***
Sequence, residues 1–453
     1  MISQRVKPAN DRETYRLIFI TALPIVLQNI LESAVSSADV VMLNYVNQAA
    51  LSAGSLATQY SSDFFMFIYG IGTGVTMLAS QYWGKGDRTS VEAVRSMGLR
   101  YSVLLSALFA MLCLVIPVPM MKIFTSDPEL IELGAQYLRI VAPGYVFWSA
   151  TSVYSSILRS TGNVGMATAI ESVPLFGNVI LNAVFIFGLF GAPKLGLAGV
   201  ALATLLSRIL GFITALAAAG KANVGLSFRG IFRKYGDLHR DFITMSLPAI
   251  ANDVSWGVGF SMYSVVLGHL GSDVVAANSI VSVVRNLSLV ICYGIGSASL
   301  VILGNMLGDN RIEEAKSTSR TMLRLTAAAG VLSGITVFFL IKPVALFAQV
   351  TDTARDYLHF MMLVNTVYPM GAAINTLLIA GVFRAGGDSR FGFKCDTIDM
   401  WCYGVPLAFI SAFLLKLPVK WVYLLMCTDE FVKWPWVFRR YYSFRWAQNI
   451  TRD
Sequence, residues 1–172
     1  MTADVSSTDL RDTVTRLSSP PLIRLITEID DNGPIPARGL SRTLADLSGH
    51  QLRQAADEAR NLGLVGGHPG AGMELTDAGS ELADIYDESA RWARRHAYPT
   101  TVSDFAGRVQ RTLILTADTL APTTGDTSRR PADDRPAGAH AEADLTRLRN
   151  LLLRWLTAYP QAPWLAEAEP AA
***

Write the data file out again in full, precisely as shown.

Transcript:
Sequence, residues 1–453
     1  MISQRVKPAN DRETYRLIFI TALPIVLQNI LESAVSSADV VMLNYVNQAA
    51  LSAGSLATQY SSDFFMFIYG IGTGVTMLAS QYWGKGDRTS VEAVRSMGLR
   101  YSVLLSALFA MLCLVIPVPM MKIFTSDPEL IELGAQYLRI VAPGYVFWSA
   151  TSVYSSILRS TGNVGMATAI ESVPLFGNVI LNAVFIFGLF GAPKLGLAGV
   201  ALATLLSRIL GFITALAAAG KANVGLSFRG IFRKYGDLHR DFITMSLPAI
   251  ANDVSWGVGF SMYSVVLGHL GSDVVAANSI VSVVRNLSLV ICYGIGSASL
   301  VILGNMLGDN RIEEAKSTSR TMLRLTAAAG VLSGITVFFL IKPVALFAQV
   351  TDTARDYLHF MMLVNTVYPM GAAINTLLIA GVFRAGGDSR FGFKCDTIDM
   401  WCYGVPLAFI SAFLLKLPVK WVYLLMCTDE FVKWPWVFRR YYSFRWAQNI
   451  TRD
Sequence, residues 1–172
     1  MTADVSSTDL RDTVTRLSSP PLIRLITEID DNGPIPARGL SRTLADLSGH
    51  QLRQAADEAR NLGLVGGHPG AGMELTDAGS ELADIYDESA RWARRHAYPT
   101  TVSDFAGRVQ RTLILTADTL APTTGDTSRR PADDRPAGAH AEADLTRLRN
   151  LLLRWLTAYP QAPWLAEAEP AA